Really, racism against the Black man has had a long history, although it ranks unarguably amongst the most unspeakable crimes in human history. The scourge has been deftly engraved on a discriminatory pyramid of ‘humanity’ raised by the West. Following this pyramid, being Black automatically marks one out for victimisation, and makes the victim ineligible to lay any claim whatsoever to the ‘human’ race; being Black qualifies one to suffer the slurs, injuries – physical, psychological, emotional, social, etc. - and indignities of racial discriminations.

Expectedly, racism has resonated with literary scholarship over the last century or even more. Right now, it can hardly be disputed that from not being given sufficient attention, racism and other race-related concerns have become, in literary scholarship, some of the dominant subjects upon which serious thought is expended; these issues have achieved paramountcy in contemporary scholarly discourse: one claim’s balance merely becomes a counterclaim’s disequilibrium. And following the very recent publication of Chimamanda Adichie’s Americanah (a narrative which, in its quest to explore racism and its variegated manifestations, flies readers across three continents of the world: from Africa to Europe through America), a discerning mind can only but see that the dust racism raised has yet to completely settle; and that, consequently, the exploitative forms of oppressions willed into existence by the differing manifestations of racism are still very much here with us.

Already, in Decolonising Methodologies, Linda Smith has observed that research in the academia is “a site of struggle between the interests and ways of knowing of the West and the interests and ways of resisting of the Other” (2). Thus, looked at from a certain point of view, academic research in contemporary times can be described as nothing short of “fierce” encounters between the West and the Other, between the Orient and the Occident.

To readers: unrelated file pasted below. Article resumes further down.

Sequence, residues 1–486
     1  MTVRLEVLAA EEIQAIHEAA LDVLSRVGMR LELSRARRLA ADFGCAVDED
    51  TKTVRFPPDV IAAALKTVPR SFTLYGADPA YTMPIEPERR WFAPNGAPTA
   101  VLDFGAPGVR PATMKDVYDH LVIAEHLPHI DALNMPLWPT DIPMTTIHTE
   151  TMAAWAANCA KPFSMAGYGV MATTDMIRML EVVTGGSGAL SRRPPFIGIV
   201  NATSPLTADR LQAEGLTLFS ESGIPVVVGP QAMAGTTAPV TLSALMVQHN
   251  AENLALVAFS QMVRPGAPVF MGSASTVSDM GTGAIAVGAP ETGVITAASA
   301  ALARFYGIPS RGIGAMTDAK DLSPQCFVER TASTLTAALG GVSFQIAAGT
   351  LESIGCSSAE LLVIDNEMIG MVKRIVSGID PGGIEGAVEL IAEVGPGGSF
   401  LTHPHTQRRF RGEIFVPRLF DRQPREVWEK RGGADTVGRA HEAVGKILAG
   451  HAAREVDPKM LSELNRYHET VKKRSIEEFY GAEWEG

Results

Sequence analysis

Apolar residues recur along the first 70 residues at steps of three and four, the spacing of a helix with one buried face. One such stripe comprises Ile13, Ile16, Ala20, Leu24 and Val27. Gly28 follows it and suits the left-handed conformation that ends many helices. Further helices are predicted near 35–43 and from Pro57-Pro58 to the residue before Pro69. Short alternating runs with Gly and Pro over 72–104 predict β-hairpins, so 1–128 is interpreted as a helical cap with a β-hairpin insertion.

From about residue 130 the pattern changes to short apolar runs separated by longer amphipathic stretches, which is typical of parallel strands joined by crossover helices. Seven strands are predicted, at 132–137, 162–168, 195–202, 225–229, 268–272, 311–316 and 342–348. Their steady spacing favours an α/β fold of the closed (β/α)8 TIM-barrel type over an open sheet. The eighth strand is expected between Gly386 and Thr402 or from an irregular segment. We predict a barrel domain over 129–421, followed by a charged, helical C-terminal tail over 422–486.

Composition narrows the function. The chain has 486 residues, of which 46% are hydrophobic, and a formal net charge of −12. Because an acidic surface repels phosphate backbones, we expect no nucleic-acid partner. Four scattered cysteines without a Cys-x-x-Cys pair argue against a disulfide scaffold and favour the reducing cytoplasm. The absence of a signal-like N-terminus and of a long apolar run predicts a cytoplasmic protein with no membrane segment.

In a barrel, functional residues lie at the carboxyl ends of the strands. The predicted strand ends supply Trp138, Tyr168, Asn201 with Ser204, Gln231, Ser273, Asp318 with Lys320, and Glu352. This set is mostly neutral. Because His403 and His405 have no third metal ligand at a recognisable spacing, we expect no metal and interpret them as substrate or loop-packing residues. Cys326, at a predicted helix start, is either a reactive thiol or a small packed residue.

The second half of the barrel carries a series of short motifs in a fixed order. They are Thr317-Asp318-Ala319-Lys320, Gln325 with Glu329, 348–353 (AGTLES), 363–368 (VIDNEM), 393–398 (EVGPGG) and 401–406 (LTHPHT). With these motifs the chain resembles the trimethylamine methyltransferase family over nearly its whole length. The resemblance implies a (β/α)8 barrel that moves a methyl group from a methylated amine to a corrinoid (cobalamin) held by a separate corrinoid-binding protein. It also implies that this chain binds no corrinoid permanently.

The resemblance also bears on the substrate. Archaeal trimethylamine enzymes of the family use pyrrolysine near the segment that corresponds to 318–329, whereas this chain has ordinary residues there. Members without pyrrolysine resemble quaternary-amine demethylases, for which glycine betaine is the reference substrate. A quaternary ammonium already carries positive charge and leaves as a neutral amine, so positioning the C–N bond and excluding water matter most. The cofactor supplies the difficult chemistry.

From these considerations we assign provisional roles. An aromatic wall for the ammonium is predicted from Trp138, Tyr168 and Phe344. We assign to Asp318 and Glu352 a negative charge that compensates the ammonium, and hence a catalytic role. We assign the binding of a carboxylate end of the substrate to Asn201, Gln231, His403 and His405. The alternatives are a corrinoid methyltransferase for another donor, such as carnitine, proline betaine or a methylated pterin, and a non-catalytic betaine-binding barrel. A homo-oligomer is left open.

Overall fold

However, this research is not merely what Walter Rodney graphically identifies in How Europe Underdeveloped Africa as “a work about European oppressors and African victims” (xii); it is also not a documentation of guilts or accusations; rather, it is a careful examination

of evidence as made manifest in selected literary texts. It highlights issues of racism as represented in the literary works of varying racial and cultural perspectives, but more pointedly in Joseph Conrad’s Heart of Darkness and Chimamanda Adichie’s Americanah. Throughout, it considers both the obvious and subtle ways through which racism has continued to indiscernibly define and prefigure nearly all facets of Euro-America’s engagements with the Black man, and particularly, how racism shields the narrative voice in Heart of Darkness from relating a fair account of being of the natives in the text. As the work progresses, one witnesses a clear evidence to assert that stereotypical beliefs about the Black man still holds sway in the West of today; and that there seems to be deliberate effort at ensuring that these stereotypes unquestionably aspire to - and achieve - the status of truth and social